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wonderful chow visit to dc/baltimore thanks to this board (long report)

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wonderful chow visit to dc/baltimore thanks to this board (long report)

dillard | Jun 14, 2005 11:00 AM

I was in DC for a conference last weekend and I wanted to say thanks to this board, as I was able to do some research that led to some great food!

I was staying in the Woodley Park area, which I learned here was not great for chow. The only meal I had there outside of our hotel was at an Indian place right around the corner on Connecticut Ave and it was average at best. I wish we had gone to the Afghan Grill nearby, but my crowd was too conservative for that.

However, I will share that the Marriott Hotel where I stayed had some of the best hotel food I have *ever* had. It was remarkably well done considering these were meals made for four hundred people at a time. Excellent crab cakes, breads, desserts, and the brownies they had were scary good. They also stocked "Sinplicity" ice cream in their snack bar, so if you don't mind spending $6 on a pint, you can get some amazing ice cream and go eat it by the pool (which I think locals are allowed to use if they pay a fee -- it's worth checking into considering DC summers!)

Now for the chow: I walked up to Cleveland Park to get a slice at Vace and it was really good. I have high pizza standards coming from Pittsburgh, so this is not said lightly. The only thing that perplexed me was that the sauce seemed to be on top of the cheese? Huh?

I popped into Macgruder's in the same block to see what they had. I got some chestnut gelato that was pretty decent.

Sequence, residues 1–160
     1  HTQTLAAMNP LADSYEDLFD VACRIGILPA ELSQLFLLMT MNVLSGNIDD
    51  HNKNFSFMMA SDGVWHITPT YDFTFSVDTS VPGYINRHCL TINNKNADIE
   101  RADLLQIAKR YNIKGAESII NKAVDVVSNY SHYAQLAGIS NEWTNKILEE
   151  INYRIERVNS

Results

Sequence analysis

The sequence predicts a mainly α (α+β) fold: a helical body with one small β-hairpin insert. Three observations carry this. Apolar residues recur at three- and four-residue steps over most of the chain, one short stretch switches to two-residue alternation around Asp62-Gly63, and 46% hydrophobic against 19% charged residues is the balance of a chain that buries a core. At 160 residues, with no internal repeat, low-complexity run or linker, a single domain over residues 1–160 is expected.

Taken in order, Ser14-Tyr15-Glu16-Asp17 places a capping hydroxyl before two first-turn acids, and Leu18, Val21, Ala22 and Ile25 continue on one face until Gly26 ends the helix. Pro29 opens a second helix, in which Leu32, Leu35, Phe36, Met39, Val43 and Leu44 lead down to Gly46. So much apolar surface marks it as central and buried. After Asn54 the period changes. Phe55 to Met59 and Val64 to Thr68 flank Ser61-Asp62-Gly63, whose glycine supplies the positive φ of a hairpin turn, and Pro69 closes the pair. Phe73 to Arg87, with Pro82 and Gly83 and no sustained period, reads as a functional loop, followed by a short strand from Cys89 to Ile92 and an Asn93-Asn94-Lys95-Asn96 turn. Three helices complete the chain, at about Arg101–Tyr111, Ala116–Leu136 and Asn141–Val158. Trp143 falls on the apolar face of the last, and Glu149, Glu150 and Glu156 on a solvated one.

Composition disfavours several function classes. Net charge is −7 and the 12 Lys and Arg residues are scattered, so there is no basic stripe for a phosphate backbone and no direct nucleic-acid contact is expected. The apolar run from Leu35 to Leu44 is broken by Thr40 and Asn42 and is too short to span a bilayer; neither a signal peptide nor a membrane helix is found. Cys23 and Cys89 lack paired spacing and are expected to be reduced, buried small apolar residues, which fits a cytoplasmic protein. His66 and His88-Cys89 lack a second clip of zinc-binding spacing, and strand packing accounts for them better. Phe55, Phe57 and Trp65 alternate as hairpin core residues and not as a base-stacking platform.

I also walked over to Adams Morgan to find Tacos Pepitos. Well worth the walk -- got some nice authentic Mexican breakfast pastries that took me back to my days in Mexico, except they were $1.50 each instead of twenty cents a piece. Ah well. I never made it over to get tamales or a torta, but everything looked wonderful and very authentic.

Other chow news: I've always been a sucker for Marvelous Market from my previous DC days. I was in Chevy Chase and in Dupont Circle, so I got an amaretto cupcake and then later a "salted oatmeal cookie"; the latter was really really different and good enough for me to think I should try and replicate this at home.

From Firestone bakery I tried a French Toast pastry (bread baked with eggy coating and cinnamon sugar. This was OK. The two Firestone Bakeries I visited seemed a bit lackluster to me. Neither place smelled like fresh baked goods -- a bad sign.

Then I was off to Baltimore where I had Berger's cookies (like cake frosting on a white cake cookie, good in a nostalgic way), a snowball at Oasis (halfway between Italian ice and a slushy in all kinds of bizarre flavors -- buttercream slushie?). Sabatino's in Little Italy which was fun for the nostalgia, cannolis at the famous Italian bakery whose name now escapes me -- you can actually buy cannoli chips and ricotta cream in which to dip them there. I thought that was brilliant.

And I tried to buy some masa at the tortilleria on Eastern Ave, but I always arrived too late in the day (sigh). But I did get some wonderful fresh tortillas.

Topping all of this eating off (groan), was the best -- lunch at the cafe on the top of the Visionary Art Museum. Wonderful, innovative Mexican cooking (plantain soup!), and some of the best guacamole I've ever had, done tableside. Wow. I highly recommend this cafe.

Thanks to chowhound, what a great chow trip! Baltimore especially is quite a chow-worthy town.

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